Navigation path

Themes
Agriculture & food
Energy
Environment
ERA-NET
Health & life sciences
Human resources & mobility
Industrial research
Information society
Innovation
International cooperation
Nanotechnology
Pure sciences
Research infrastructures
Research policy
Science & business
Science in society
Security
SMEs
Social sciences and humanities
Space
Special Collections
Transport

Countries
Countries
  Argentina
  Australia
  Austria
  Belarus
  Belgium
  Brazil
  Bulgaria
  Cameroon
  Canada
  China
  Colombia
  Croatia
  Cyprus
  Czech Republic
  Denmark
  Egypt
  Estonia
  Finland
  France
  Georgia
  Germany
  Greece
  Hungary
  Iceland
  India
  Ireland
  Israel
  Italy
  Japan
  Kazakhstan
  Kenya
  Korea
  Latvia
  Lithuania
  Luxembourg
  Mexico
  Netherlands
  Nigeria
  Norway
  Peru
  Poland
  Portugal
  Romania
  Russia
  Serbia
  Slovakia
  Slovenia
  South Africa
  Spain
  Sweden
  Switzerland
  Taiwan
  Turkey
  Ukraine
  United Kingdom
  United States


   Headlines

Last Update: 26-07-2013  
Related category(ies):
Success stories  |  Environment

 

Countries involved in the project described in the article:
Austria  |  Belgium  |  Finland  |  France  |  Germany  |  Hungary  |  Ireland  |  Netherlands  |  Norway  |  Portugal  |  United Kingdom
Add to PDF "basket"

Bridging European biodiversity research with policy

Biodiversity is the abundance and variety of species, genes and ecosystems. Our food, drinking water and the air we breathe all depend on this biodiversity. Yet humans are also one of the greatest threats to biodiversity. Over seven billion people live on our planet today and by 2050 that figure is predicted to reach nine billion. Biodiversity research is very complex, and the exchange of knowledge and requirements between policymakers and scientists is not always simple.

©  claffra - Fotolia.com

"Biodiversity research is not only about conservation, but much more about the sustainable use of ecosystems and the relation between humans and nature. Integrating all this knowledge and fast-tracking it to decision makers is a challenging task," says Dr. Carsten Neßhöver who currently faces precisely this challenge in his role as coordinator of the 18-partner, EU-funded project BiodiversityKnowledge or KNEU.

The KNEU project team mapped Europe's main biodiversity research institutions and the needs of decisions makers, and assembled them into a prototype network concept. This was tested in three separate areas of biodiversity knowledge.

"Knowledge about biodiversity is actually very scattered among different institutions and even across sectors in Europe," explains Neßhöver, who works at the Helmholtz-Centre for Environmental Research (UFZ) in Germany. "That made the first step of identifying and mapping key players very labour intensive," he adds.

Getting researchers interested in the network was the next challenge. "Ultimately scientists focus on increasing their knowledge and getting their institute noticed. They are not particularly aware of how their work can impact society," says Neßhöver. As a result, researchers have been communicating well with each other, but insufficiently with policymakers. "We have tried to raise scientists' awareness of the impact their work can have, offer regionally tailored incentives to get them involved, and emphasise that since the funding they receive is paid for by society, they should also return something back to society," he explains.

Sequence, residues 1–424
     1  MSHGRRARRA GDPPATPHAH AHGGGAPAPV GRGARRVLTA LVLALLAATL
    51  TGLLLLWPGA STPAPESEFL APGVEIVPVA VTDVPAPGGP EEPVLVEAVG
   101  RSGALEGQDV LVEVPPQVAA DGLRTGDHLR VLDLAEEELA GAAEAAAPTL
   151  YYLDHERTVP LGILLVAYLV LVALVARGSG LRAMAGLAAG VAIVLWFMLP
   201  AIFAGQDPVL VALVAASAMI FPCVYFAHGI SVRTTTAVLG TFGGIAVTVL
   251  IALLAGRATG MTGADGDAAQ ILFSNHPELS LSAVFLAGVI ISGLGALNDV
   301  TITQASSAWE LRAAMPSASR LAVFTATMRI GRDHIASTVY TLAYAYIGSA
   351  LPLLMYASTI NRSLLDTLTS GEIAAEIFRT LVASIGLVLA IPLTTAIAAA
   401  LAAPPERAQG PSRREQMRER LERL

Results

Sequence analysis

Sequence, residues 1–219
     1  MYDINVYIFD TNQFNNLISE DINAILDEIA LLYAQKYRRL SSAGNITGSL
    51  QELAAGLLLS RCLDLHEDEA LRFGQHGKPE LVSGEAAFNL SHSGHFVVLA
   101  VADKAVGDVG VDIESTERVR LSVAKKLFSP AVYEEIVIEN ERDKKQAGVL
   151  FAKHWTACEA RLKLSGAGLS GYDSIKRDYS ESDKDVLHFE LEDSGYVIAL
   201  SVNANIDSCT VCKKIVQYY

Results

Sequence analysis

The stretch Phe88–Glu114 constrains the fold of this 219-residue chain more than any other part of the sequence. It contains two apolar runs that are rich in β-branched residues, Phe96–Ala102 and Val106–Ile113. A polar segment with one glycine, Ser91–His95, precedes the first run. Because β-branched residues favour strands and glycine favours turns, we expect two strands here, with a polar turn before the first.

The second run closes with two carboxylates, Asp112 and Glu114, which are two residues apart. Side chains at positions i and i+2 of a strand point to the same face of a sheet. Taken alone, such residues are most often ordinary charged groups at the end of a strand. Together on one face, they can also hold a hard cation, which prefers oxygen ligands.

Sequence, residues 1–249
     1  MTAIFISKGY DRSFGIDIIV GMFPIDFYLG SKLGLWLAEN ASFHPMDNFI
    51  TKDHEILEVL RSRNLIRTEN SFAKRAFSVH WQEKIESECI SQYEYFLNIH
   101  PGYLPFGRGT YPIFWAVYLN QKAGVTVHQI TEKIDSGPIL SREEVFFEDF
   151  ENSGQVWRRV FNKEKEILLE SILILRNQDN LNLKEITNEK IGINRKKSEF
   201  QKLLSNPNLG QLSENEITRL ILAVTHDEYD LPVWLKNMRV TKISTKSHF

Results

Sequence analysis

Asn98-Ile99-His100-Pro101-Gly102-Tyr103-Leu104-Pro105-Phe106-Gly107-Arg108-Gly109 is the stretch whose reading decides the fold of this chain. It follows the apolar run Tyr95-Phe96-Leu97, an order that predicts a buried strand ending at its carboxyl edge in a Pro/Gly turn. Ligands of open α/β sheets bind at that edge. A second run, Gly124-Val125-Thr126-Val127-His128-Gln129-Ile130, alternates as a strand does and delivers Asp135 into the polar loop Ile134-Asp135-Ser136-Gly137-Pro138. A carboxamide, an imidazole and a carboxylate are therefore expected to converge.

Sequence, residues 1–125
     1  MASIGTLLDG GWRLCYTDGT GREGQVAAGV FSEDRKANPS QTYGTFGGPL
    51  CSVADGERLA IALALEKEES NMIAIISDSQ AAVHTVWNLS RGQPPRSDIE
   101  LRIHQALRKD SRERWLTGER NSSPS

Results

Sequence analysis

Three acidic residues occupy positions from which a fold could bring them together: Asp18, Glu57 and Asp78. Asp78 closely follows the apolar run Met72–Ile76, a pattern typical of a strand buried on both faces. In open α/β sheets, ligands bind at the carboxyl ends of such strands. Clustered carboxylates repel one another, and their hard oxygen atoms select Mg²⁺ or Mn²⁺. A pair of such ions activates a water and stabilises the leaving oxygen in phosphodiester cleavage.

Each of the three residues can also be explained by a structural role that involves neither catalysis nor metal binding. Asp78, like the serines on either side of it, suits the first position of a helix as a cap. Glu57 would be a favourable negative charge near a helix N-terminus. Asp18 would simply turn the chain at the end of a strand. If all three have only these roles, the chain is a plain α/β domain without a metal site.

According to Neßhöver, the value of BiodiversityKnowledge became clear when the team conducted a series of interviews revealing just how little people understood the potential of research-policy dialogues. "At the moment few people really understand the flow of knowledge between scientific institutions, civil society institutions and government institutions. Everyone has a more or less faint idea of how this works, but no one has precise knowledge about it," says Neßhöver.

Neßhöver is convinced that improving connections between scientists across Europe could solve numerous policy problems. For instance, when Sweden was considering using contraceptives to control its rising wild boar populations, an unexpected discovery of an Italian study on contraceptives proved this was an ineffective method, and ultimately saved the Swedish government around €100 000.

The next step of the project is to discuss the outcomes of the prototype evaluation and consultation of the project white paper at the second conference in Berlin, September 24-26 2013. "Based on these discussions we will finalise our proposed prototype for the network, hopefully with a broad endorsement from the research community. The last phase will be a six-month promotion of the final product towards science and policy," concludes Neßhöver.

Project details

  • Project acronym: KNEU
  • Participants: Germany (Coordinator), Austria, Belgium, Finland, France, Hungary, Ireland, Netherlands, Portugal, Norway, UK
  • Project FP7 265299
  • Total costs: € 1 285 814
  • EU contribution: € 998 719
  • Duration: November 2010 to April 2014

Convert article(s) to PDF

No article selected


loading


Search articles
To restrict search results to articles in the Information Centre, i.e. this site, use the search box at the top of the page to the right of the menu and then select "Information Centre" in the "Filter by" menu on the results page.

Please note that new content may take a few days to be indexed by the search engine and therefore to appear in the results.

Print Version
Share this article
See also

Project web site
Project information on CORDIS





  Top   Research Information Center